Rwanda Economic Update: Rwanda at Work

February 26, 2016

KIGALI, February 26, 2016 – The World Bank launched the ninth edition of the Rwanda Economic Update today. The report, projects the country’s economic growth rates at 7.1 percent in 2015 and 6.8 percent in 2016 moving from 7 percent in 2014.

Despite an adverse external environment, Rwanda has maintained steady growth and macroeconomic stability during the first three quarters of 2015, the report said. Growth rate during the first three quarters of 2015 reached 6.9 percent, almost the same as the average growth rate in the past five years.

The report, Rwanda Economic Update: Rwanda at Work, observed positive impacts of the decline in international commodity prices on the economy, given Rwanda is a net importer of oil.  Trade balance of commodities (coffee, tea, minerals, re-exports and energy products combined) improved by 25 percent in 2015. The decline in mineral exports was mostly compensated by the decline in energy imports.  A fall in oil prices has contributed to stable inflation rate.

However, the Rwanda Economic Update noted a significant fluctuation of gross international reserves whose level fell from US$1.1 billion in December 2013 to US$0.7 billion in August 2015 before recovering to US$0.9 billion in December 2015. “Despite the steady growth and macroeconomic stability in 2015, downside risks have been increasing, both externally and domestically. For example, the World Bank revised down its global and regional growth projections in 2016 and 2017. On the domestic front, delayed execution of the budget and inadequate financing for development are of concern,” said Yoichiro Ishihara, World Bank Senior Economist for Rwanda.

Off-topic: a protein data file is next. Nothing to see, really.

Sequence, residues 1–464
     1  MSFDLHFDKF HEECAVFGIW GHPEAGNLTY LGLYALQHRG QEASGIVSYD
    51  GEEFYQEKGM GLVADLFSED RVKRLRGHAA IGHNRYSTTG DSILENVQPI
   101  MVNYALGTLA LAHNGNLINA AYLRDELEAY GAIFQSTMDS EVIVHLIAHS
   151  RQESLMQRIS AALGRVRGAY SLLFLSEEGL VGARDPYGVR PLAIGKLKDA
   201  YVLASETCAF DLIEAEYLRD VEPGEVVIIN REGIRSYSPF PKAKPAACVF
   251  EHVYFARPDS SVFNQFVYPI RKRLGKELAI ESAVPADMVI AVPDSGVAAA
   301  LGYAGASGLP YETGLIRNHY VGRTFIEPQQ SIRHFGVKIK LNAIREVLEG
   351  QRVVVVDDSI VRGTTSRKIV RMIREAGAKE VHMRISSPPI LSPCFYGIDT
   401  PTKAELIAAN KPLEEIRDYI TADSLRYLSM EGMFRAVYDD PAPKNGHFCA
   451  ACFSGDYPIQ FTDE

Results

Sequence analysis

The special topic of Economic Update focuses on jobs. This is mainly due to two major reasons.  First, Rwanda’s working-age population is growing rapidly, and a key challenge going forward will be to create sufficient jobs for a larger labor force. Second, as Rwanda continues to grow, the labor market will increasingly become the main transmission mechanism between overall growth and improving household living standards.

The report highlights three main employment dynamics in Rwanda over the past decade: (i) a substantial move towards non-farm occupations, mainly driven by the youth, (ii) an uptake of additional jobs, with more than 60 percent of Rwandan working several jobs, and (iii) an increase in labor earnings, mainly linked to the transition towards non-farm occupations and the uptake of additional jobs.

“Given that 70 percent of the workforce remains employed in agriculture, increasing earnings from agriculture remains the most direct way to improve economic conditions for the bulk of the population,” said Tom Bundervoet, World Bank Senior Poverty Economist for Rwanda. Adding that it will also be important to support the informal non-farm sector for job creation, as the formal sector is expected to remain small in the coming years in face of a rapidly growing labor force.

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